SCHOOL OF NURSING HONORS 1. Students must: a. Achieve a grade point average of 3.75 or above at the completion of all nursing courses. b. Meet the following criteria for Faculty Consensus Commendation: 1) Consistently adhere to the Code of Professional Conduct for Nursing Students throughout the course of study in the School of Nursing. 2) Consistently adhere to the Academic Integrity Policy throughout the course of study in the School of Nursing. c. Complete a non-credit independent nursing project. The project is to be approved by the School of Nursing Honors Committee. The completed project will be evaluated by the Honors Committee and the Faculty for determination of Honors. 2. Project guidelines a. At the completion of level 2 courses, students who have a GPA of 3.75 or above in all nursing courses will be notified by the Honors Committee that they may be eligible for the School of Nursing Honors. Qualified students will meet with Honors Committee members to discuss the development of their projects. At that time, students may select a faculty member as their Honors Project Advisor. b. Projects would be designed that will either (1) add to the knowledge of nursing or (2) respond to an identified community need. c. Projects are to be the work of an individual student and are independent of all other


course work. They will be conducted in consultation with the Honors Project Advisor. d. At the beginning of the next semester, students will submit the following information about their Honors Project to the Honors Committee: 1) Statement of the problem 2) Purpose for the project or a research question 3) A conceptual framework or rationale 4) A review of the literature pertinent to the project 5) Methods showing how the project will be conducted e. Students will submit the completed project to the Honors Committee by the end of the tenth (10th) week of the final semester of the major. In addition to the above, the final paper will include: 1) Results or outcomes of the project 2) Evaluation, discussion, or conclusions f. The paper will follow the latest edition of APA format. g. Students will orally present their project to faculty and students when it is completed. h. Recommendations of the Honors Committee will be forwarded to the School of Nursing faculty for final review and action. i. Students will be notified of the Honors Committee’s decision prior to graduation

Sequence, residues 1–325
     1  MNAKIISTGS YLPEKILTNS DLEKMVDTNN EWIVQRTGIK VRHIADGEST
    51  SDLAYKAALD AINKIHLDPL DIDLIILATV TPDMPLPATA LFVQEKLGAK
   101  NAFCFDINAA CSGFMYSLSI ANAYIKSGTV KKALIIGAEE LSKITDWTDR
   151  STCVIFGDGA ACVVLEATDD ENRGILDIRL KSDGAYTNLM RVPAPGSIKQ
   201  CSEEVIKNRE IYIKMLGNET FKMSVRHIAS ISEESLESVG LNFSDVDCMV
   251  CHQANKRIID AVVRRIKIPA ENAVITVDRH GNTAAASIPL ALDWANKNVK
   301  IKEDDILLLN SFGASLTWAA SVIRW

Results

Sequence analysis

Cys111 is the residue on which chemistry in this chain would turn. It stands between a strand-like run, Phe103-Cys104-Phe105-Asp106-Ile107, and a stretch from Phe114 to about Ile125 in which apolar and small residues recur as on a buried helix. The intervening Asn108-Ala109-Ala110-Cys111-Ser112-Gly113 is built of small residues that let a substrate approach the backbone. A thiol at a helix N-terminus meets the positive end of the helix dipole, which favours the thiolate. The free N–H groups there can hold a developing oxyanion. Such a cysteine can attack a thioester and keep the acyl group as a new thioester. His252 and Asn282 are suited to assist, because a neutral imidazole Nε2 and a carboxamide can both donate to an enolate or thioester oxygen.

SCHOOL OF NURSING SCHOLAR 1. Graduating Seniors will receive the designation "School of Nursing Scholar" if they meet Criteria 1.a. and b. as stated above. 2. The independent nursing project is NOT a criterion for this honors designation.


Members of each graduating class (which includes students from both the pre-licensure BSN and the RN to BSN programs) are eligible to be nominated and selected by the faculty for the following School of Nursing Awards.